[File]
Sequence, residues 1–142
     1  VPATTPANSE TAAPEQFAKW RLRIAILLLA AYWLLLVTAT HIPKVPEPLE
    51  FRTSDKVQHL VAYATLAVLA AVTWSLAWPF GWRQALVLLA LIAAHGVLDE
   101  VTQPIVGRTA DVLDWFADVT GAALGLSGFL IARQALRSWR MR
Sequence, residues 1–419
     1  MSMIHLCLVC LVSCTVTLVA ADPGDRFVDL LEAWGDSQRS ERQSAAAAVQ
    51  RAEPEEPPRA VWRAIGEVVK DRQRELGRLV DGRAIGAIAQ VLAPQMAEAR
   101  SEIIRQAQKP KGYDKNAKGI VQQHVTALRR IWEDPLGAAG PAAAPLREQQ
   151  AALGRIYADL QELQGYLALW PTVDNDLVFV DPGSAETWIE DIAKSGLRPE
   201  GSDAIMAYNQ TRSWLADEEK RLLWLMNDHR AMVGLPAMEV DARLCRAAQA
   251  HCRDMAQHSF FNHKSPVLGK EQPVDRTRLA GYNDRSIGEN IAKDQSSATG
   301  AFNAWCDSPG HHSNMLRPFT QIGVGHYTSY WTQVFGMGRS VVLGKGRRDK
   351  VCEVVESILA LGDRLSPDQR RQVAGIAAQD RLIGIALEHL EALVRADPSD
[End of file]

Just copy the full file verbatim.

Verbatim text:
Sequence, residues 1–142
     1  VPATTPANSE TAAPEQFAKW RLRIAILLLA AYWLLLVTAT HIPKVPEPLE
    51  FRTSDKVQHL VAYATLAVLA AVTWSLAWPF GWRQALVLLA LIAAHGVLDE
   101  VTQPIVGRTA DVLDWFADVT GAALGLSGFL IARQALRSWR MR
Sequence, residues 1–419
     1  MSMIHLCLVC LVSCTVTLVA ADPGDRFVDL LEAWGDSQRS ERQSAAAAVQ
    51  RAEPEEPPRA VWRAIGEVVK DRQRELGRLV DGRAIGAIAQ VLAPQMAEAR
   101  SEIIRQAQKP KGYDKNAKGI VQQHVTALRR IWEDPLGAAG PAAAPLREQQ
   151  AALGRIYADL QELQGYLALW PTVDNDLVFV DPGSAETWIE DIAKSGLRPE
   201  GSDAIMAYNQ TRSWLADEEK RLLWLMNDHR AMVGLPAMEV DARLCRAAQA
   251  HCRDMAQHSF FNHKSPVLGK EQPVDRTRLA GYNDRSIGEN IAKDQSSATG
   301  AFNAWCDSPG HHSNMLRPFT QIGVGHYTSY WTQVFGMGRS VVLGKGRRDK
   351  VCEVVESILA LGDRLSPDQR RQVAGIAAQD RLIGIALEHL EALVRADPSD